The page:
Yesterday, Mukta, Peter and I were at an ACES (Aberdeen Centre for Environmental Sustainability) training session on participatory research. For the uninitiated, that means involving "stakeholders" (think we all agreed that's a horrible word) in your research as much as possible and from as early as possible so that they contribute to the outcomes - so highly relevant to all dot.rural projects and activities.
We covered loads of ground: stakeholder analysis, the carousel method, multi-criteria evaluation, grounded theory, semi-structured interviews - some I'd never heard of but all of which I'll use or at least consider using in my PhD work, not necessarily in the ways I'd anticipated. For example, grounded theory can be applied to literature reviews, multi-criteria evaluation to personal decisions and the carousel method to any kind of meeting format (an effective alternative to breakout groups/reporting back), so it's worth attending even if you're not directly engaging with participants. And most of the techniques can be used in pretty much any environment, from hi-tech computer labs to the Kalihari Desert.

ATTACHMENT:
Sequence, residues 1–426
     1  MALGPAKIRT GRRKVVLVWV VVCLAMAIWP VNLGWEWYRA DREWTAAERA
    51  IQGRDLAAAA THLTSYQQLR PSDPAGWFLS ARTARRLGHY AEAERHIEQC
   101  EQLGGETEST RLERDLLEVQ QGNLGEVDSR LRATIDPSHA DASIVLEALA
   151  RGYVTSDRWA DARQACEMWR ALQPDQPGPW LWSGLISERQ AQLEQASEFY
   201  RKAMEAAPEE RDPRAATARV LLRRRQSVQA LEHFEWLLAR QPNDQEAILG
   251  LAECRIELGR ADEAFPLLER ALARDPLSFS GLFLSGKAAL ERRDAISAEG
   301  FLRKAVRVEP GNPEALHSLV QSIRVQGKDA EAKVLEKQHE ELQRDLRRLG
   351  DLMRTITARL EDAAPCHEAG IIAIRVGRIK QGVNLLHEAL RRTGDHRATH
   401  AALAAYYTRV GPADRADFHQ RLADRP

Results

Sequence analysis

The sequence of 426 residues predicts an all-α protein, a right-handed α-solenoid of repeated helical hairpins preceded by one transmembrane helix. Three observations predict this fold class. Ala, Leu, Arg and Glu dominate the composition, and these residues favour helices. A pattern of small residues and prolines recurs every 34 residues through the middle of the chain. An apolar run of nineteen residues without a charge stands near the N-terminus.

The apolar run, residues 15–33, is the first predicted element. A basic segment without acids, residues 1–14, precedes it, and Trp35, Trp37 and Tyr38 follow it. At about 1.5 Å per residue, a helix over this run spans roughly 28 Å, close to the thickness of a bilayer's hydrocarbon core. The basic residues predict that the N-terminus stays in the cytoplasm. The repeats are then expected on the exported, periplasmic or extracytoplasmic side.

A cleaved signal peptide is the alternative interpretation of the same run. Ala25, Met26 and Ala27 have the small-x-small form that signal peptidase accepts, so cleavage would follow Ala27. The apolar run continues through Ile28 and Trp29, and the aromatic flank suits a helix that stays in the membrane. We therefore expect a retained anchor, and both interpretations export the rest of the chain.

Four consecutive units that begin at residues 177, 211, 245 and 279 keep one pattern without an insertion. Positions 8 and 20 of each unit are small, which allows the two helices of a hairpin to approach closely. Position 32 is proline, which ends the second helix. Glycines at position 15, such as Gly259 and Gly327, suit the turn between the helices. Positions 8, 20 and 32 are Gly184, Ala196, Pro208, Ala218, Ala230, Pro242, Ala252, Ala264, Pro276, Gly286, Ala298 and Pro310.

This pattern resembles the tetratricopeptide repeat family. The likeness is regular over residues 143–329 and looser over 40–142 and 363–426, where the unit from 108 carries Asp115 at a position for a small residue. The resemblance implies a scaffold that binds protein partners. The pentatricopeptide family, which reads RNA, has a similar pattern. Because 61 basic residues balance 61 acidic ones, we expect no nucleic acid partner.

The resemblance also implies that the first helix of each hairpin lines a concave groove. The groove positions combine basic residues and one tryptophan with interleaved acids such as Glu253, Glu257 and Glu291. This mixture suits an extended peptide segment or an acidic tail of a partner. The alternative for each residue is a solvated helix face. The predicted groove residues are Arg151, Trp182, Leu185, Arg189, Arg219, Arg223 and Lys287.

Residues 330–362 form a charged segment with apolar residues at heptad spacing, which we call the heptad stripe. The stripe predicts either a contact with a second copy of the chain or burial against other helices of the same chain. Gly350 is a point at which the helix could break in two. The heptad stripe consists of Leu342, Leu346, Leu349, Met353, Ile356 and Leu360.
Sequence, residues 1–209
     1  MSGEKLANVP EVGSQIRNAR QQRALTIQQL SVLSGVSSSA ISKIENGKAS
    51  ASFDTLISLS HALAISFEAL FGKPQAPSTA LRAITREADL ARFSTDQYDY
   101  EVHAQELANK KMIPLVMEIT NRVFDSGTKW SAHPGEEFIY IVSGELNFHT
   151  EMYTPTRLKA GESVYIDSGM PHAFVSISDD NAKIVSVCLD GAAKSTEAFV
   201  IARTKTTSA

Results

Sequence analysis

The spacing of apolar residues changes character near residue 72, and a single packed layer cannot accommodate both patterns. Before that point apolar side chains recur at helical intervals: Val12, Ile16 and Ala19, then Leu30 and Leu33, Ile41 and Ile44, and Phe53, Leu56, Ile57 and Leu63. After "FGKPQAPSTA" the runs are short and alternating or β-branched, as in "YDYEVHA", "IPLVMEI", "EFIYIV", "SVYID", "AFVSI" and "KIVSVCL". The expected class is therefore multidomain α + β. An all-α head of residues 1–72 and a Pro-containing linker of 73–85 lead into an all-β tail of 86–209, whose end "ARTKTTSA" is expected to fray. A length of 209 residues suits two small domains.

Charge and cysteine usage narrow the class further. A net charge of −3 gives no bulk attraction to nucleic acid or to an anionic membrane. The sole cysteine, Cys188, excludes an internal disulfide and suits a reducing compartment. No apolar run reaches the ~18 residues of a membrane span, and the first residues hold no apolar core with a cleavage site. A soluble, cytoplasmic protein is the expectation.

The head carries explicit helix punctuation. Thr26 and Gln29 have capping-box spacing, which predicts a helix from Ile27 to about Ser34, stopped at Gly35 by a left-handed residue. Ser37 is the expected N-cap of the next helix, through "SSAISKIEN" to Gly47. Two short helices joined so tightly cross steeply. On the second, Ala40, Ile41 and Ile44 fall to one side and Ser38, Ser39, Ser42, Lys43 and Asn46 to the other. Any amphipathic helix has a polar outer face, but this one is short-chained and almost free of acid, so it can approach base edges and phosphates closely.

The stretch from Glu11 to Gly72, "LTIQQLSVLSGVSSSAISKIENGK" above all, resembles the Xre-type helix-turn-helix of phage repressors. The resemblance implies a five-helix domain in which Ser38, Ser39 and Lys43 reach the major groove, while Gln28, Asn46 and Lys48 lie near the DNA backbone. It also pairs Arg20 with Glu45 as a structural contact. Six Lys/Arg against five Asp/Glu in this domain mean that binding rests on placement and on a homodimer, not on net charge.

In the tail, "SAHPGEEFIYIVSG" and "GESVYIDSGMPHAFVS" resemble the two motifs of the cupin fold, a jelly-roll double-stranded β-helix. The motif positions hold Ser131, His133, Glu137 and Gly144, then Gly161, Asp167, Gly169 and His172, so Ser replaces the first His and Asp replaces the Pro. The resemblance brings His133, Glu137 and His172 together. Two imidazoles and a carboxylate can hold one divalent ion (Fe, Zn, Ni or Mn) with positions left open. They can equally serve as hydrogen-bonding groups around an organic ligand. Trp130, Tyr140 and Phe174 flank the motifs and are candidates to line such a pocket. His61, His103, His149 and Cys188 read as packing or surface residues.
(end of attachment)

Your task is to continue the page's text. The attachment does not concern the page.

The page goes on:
In the afternoon we devoted quite a bit of time to interviews, covering consent, trust, legitimacy, body language, cultural sensitivities and the wisdom of wearing v-necks and nose-rings.
Mark Reed (facilitator) used a participatory format for the session so there was a lot of flexibility in the topics covered, we practised some methods in the course of the discussion, and we had plenty of input from fellow participants.
I came away wanting to learn much, much more. Go if you get the chance!